Are social media platforms becoming not merely inadvertent enablers, but willing conduits of disinformation and hate speech?
This question, which has raised its head in many parts of the world in the past month, has taken on a special intensity in India — itself becoming one of the most discussed topics on social media.
The debate was set off by a report published on Aug. 14 in The Wall Street Journal titled “Facebook’s hate speech rules collide with Indian politics.”
As detailed in the report (widely republished by the Indian press), Ankhi Das, Facebook’s public policy director in India, personally intervened during last year’s general election to prevent the removal of anti-Muslim posts on the platform by a prominent politician of the ruling Bharatiya Janata Party (BJP). Das reportedly told Facebook employees in an internal communication that cracking down on the offending politician, T. Raja Singh, would disrupt the company’s business prospects in the country.
The BJP has been in power in India since 2014 and, many would say, has been one of the most ambitious exponents of the political weaponization and polarization of social media in world politics over the last decade. India is also Facebook’s single biggest market, with more than 320 million users.
While the revelations published in the WSJ about Facebook’s pro-regime policy are fairly damning, they are not especially surprising. The more Mark Zuckerberg’s behemoth has grown, the more it has become clear that Facebook cannot hope to be — contrary to its claims — an ideologically neutral and politically nonpartisan space where multiple points of view are shared and extreme speech acts are weeded out.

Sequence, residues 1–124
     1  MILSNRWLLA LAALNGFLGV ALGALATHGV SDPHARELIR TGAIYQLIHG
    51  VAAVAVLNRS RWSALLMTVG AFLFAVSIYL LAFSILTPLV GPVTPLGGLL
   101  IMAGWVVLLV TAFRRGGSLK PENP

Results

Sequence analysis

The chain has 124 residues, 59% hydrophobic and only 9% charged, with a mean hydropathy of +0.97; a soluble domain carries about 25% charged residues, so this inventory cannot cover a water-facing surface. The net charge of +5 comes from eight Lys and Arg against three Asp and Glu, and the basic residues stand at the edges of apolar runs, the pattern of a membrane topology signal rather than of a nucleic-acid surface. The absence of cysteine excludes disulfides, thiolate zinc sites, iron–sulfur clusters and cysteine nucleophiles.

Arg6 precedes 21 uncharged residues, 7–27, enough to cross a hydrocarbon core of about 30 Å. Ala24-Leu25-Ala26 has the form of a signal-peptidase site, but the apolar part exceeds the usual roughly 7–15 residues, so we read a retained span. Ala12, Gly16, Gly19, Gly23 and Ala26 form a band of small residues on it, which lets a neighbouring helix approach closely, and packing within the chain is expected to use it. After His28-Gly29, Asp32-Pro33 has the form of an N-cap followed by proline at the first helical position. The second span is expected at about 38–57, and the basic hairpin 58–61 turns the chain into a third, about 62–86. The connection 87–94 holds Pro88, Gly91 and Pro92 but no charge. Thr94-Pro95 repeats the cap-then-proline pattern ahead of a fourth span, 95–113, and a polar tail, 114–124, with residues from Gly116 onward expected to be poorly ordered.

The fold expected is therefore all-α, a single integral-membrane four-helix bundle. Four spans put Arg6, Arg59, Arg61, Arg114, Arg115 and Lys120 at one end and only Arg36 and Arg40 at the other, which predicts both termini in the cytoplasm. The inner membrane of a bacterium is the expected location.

This problem has two dimensions. The first is that Facebook, given its enormous user base, has become the global medium of choice for the systematic spread of misinformation, fake news, conspiracy theories and hate speech — which corrupts the norms of civility, dialogue and fact-based inquiry that are the foundations of democracy.
Fake news and hate news have the very characteristics — the power to inflame strong passions and hatreds, the sense of membership in a select band of people who share the same politics, the intense and repeated engagement with newly posted content — that spell success to a social media platform, especially one that allows the “micro-targeting” of advertisements, as Facebook does. Social media, in other words, naturally tilts right.
The second dimension, which is even more complicated, is that Facebook, in attempting to mitigate the loss of credibility that would come with it being seen as a platform for extreme causes and groups, has tried in recent years to keep pace by using content filters and employing third-party fact checkers to flag and remove misinformation.
But this only raises more questions about how some “special cases” — usually connected to the interests of the regime in power — seem to escape censure, thereby making Facebook an active collaborator in the circulation of precisely the kind of hate speech that would be the most damaging in each society in which it has a presence.